The conditions that would benefit most from stem cell therapy are the “degenerative” diseases in which healthy cells have been either lost or significantly reduced in patients’ body. Some examples of these diseases are diabetes, liver diseases, heart dysfunctions, Parkinson’s disease, stroke, Alzheimer’s disease, spinal cord injury and amyotrophic lateral sclerosis (ALS or Lou Gehrig’s disease). In each disease, cells such as pancreatic beta cells (diabetes), hepatocytes (liver disease), cardiomyocytes (heart disease), dopaminergic neurons (Parkinson’s), cortical neurons (stroke and Alzheimer’s), motor neurons (spinal cord injury and ALS), oligodendrocytes (spinal cord injury) and astrocytes (ALS) are degenerated. To cure or ameliorate these conditions, we seek to perform “regenerative” medicine, in which we will differentiate the patient’s own stem cells into the appropriate cell type and then transplant differentiated cells into his/her ailing body.

    With this branch of medicine often controversial, it is worthy to note that your research has been given federal grants. How was this possible?

    The previous generation of stem cell biology was controversial because it used “embryonic” stem cells that were harvested from aborted tissues and in-vitro fertilized embryos. Allele specializes in the new generation of stem-cell therapy, which produces “reprogrammed” stem cells from skin cells. This approach causes no controversy in the US, and this is why Allele had no trouble competing and winning US federal grants in this field. Allele’s continued ability to win highly competitive US National Institutes of Health grants is the result of the quality of the Allele scientific team and the nature of Allele’s iPSC work.

    In as far as securing an FDA approval for eventual clinical therapy, how close is Allele toward that goal?

    We recently formed a partnership with another biotech company, which has obtained an FDA permit for clinical trials for ALS cell therapy. This will be our first significant step toward the realization of stem-cell therapy using our cells. We expect that we will be performing several clinical trials by ourselves as well as with additional partners within the next one to five years.

    As Allele launches the cell banking component of the treatment this month, what kind of patients do you expect to receive at the San Diego clinic?

    Patients with diabetes, heart problem, or eye conditions.

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    About Dr. Jiwu Wang

    Dr. Jiwu Wang earned his Ph.D. degree in Molecular Biology at the University of Southern California (USC). His research focused on pre-MRA splicing, one of the most important molecular biology mechanisms related to many diseases including cancer. He was awarded a National Institutes of Health (NIH) postdoctoral fellowship and performed his postdoctoral training in RNA-related fields at the University of California at San Diego.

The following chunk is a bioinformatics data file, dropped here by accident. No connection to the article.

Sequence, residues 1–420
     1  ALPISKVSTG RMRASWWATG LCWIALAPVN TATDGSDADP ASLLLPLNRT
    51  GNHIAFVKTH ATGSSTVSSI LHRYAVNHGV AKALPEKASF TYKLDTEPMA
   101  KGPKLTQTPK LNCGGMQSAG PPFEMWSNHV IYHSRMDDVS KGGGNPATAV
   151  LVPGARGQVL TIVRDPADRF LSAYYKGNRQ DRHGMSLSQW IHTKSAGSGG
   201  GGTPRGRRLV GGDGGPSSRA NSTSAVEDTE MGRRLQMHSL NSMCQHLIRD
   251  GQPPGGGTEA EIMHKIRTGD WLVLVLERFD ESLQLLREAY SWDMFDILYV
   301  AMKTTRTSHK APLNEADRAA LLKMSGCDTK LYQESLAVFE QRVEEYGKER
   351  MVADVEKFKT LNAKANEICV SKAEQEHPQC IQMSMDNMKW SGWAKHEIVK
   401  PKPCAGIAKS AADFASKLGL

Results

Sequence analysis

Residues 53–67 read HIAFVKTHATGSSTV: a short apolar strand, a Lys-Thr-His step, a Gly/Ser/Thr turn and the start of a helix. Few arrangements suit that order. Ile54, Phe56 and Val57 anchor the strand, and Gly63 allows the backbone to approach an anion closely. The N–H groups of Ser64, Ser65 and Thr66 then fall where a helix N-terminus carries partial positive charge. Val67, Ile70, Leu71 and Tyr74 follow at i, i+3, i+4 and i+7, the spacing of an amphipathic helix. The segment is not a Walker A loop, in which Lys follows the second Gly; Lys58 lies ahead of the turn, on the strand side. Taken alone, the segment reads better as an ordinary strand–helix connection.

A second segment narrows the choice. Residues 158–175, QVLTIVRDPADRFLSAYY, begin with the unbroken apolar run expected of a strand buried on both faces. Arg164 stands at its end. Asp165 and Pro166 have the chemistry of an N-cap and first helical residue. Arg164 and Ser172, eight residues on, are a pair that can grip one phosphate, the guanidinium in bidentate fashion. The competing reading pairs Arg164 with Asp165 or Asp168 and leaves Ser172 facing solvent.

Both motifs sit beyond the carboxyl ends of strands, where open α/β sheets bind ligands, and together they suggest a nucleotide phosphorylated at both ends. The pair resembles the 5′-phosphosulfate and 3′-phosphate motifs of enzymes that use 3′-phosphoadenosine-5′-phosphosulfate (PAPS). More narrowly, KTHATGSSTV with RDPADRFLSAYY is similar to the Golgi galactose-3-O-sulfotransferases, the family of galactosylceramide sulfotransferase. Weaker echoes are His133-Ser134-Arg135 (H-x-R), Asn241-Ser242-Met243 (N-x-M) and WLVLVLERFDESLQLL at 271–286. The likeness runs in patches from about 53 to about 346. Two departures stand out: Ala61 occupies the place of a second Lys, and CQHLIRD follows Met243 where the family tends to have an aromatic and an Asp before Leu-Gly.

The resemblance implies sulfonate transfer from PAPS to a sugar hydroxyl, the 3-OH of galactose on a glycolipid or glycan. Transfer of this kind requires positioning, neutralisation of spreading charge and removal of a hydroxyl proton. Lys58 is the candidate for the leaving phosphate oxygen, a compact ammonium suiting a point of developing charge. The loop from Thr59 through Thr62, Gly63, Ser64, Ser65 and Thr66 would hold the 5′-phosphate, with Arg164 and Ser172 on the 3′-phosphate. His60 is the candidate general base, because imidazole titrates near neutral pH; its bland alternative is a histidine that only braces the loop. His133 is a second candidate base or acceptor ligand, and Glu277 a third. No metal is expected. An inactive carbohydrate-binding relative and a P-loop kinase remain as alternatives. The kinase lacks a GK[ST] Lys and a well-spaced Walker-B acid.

In 1999, through a number of NIH grants Dr. Wang and his colleagues established Allele Biotechnology and Pharmaceuticals Inc. It is a research-based company specializing in the fields of RNAi, stem cells, viral expression, camelid antibodies and fluorescent proteins. It was the first to bring cutting edge products in many fields, such as RNAi, FP, iPSC.

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    About Allele Biotechnology

    Allele Biotechnology and Pharmaceuticals, Inc. is a private, San Diego-based company that explores the procedures of biological processes in order to come up with technologies and products for biomedical research and therapy development.

    Its mission is to increase accessibility to innovative molecular biology research tools by offering cutting-edge technologies in iproducts and fully integrated platforms.

    Allele utilizes proprietary non-integrating cellular reprogramming methods to develop cell therapy and enable drug discovery through the use of human and non-human primate iPS cells, cGMP-grade human iPS cells and their derivatives. With additional expertise in genome modification and unique cell-based fluorescence sensors/reporters, Allele provides advanced cell and assay development solutions.

    Allelle also has developed a wide variety of advanced research tools including superior fluorescent proteins, highly efficient luciferase assay substrates, genotyping kits, and camelid antibodies that have been validated for co-immunoprecipitation, histology, and flow cytometry. The company has also been a leader in the RNAi field with its patents in Pol 3 promoter-driven siRNA, shRNA, and miRNA (www.allelebiotech.com)